After nearly two years in prison, Huey P. Newton is free.
Newton, founder and Minister of Defense of the Black Panther Party, was released Wednesday on $50,000 bail while awaiting a new trial on charges stemmin from the shooting of an Oakland Policeman in 1967.
Convicted in September of 1968 of voluntary manslaughter, Newton was serving a two to fifteen year sentence in a California penal farm. However, the conviction was overturned by the California Court of Appeals on May 29 on the grounds that the trial judge had failed properly to instruct the jury.
The judge had neglected to tell the jurors that if Newton's contention that he had been wounded and unconscious at the time of the crime was true then he could not be found guilty of the shooting.
The appeals court added that it was "reasonably probable" that, had this been pointed out to the jury, Newton might have received a more favorable verdict.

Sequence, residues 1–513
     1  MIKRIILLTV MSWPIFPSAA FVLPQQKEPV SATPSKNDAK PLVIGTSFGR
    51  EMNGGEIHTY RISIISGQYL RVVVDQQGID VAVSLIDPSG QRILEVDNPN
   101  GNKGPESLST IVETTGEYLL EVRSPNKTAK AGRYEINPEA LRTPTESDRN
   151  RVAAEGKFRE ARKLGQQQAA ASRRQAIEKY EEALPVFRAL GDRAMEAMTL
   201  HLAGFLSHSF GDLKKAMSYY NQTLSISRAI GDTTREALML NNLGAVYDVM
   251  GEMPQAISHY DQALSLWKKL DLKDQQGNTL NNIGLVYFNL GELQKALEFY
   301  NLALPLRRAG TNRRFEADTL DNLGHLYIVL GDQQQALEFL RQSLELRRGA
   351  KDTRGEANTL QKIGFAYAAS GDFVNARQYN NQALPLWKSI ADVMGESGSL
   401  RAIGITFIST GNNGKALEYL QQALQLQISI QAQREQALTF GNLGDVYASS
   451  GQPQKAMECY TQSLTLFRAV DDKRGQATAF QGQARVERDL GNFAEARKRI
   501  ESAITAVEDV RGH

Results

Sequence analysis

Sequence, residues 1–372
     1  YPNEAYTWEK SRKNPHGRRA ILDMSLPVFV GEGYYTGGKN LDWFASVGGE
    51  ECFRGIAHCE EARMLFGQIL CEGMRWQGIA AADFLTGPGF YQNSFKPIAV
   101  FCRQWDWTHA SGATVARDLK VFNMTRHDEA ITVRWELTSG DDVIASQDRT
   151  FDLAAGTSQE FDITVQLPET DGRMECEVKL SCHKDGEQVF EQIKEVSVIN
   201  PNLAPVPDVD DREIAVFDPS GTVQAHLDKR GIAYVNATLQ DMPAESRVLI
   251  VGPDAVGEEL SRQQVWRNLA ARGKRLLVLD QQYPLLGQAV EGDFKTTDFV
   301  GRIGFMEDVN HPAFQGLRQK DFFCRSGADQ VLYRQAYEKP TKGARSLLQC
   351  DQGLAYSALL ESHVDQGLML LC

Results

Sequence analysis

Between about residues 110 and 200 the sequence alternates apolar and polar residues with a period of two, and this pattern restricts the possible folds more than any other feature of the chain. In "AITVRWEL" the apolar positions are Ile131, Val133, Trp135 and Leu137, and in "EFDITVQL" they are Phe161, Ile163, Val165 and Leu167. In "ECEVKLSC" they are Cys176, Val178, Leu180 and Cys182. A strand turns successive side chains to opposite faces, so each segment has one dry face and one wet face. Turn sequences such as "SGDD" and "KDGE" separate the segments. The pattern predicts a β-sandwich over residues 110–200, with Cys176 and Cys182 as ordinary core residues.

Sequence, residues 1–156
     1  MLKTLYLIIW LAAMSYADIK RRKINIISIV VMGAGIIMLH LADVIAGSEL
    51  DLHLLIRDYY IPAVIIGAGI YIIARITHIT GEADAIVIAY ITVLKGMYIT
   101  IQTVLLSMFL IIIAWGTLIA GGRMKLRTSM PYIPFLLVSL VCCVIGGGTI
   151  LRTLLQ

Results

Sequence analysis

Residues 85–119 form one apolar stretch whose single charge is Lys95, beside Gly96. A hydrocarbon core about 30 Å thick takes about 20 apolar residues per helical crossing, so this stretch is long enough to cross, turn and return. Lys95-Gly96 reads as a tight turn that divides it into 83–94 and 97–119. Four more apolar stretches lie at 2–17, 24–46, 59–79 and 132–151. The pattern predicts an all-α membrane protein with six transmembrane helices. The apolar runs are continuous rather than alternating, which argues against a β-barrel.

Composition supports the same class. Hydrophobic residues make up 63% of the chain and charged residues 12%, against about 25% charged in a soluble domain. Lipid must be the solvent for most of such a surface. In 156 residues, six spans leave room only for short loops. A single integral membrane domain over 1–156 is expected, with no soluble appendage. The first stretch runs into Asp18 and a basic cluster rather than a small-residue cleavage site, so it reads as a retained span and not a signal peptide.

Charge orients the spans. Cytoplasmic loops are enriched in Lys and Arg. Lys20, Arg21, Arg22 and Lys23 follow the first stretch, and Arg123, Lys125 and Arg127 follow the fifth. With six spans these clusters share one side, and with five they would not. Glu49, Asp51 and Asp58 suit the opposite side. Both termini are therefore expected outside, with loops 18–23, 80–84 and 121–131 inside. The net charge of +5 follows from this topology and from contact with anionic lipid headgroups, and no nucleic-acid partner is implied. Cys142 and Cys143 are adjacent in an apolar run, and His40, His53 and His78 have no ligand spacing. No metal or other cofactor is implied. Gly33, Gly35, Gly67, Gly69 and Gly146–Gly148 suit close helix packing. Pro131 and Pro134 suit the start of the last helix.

The State Supreme Court upheld the reversal last week and ordered Newton released on bail.
Bail hearing took only 16 minutes Wednesday. After the Court denied a motion by Charles R. Garry, Newton's lawyer for bail reduction, another defense lawyer deposited a $50,000 cashier's check.
In denying the motion, the judge pointed out that Eldridge Cleaver, Minister of Information of the BPP, had posted an identical bond before fleeing to exile in Algiers.
Flanked by David Hilliard, Panther Chief of Staff, Newton emerged from the courthouse to mingle with hundreds of Panther supporters who had been gathering in the street outside since 7 a.m.
As the crowd surged into the street and blocked traffic, Newton climbed on top of a car, stripped off his grey prison uniform shirt, and shouted, "You have the power and the power is with the people."
He then left for a reunion with his family.
Newton faces a new trial for manslaughter beginning Sept. 25.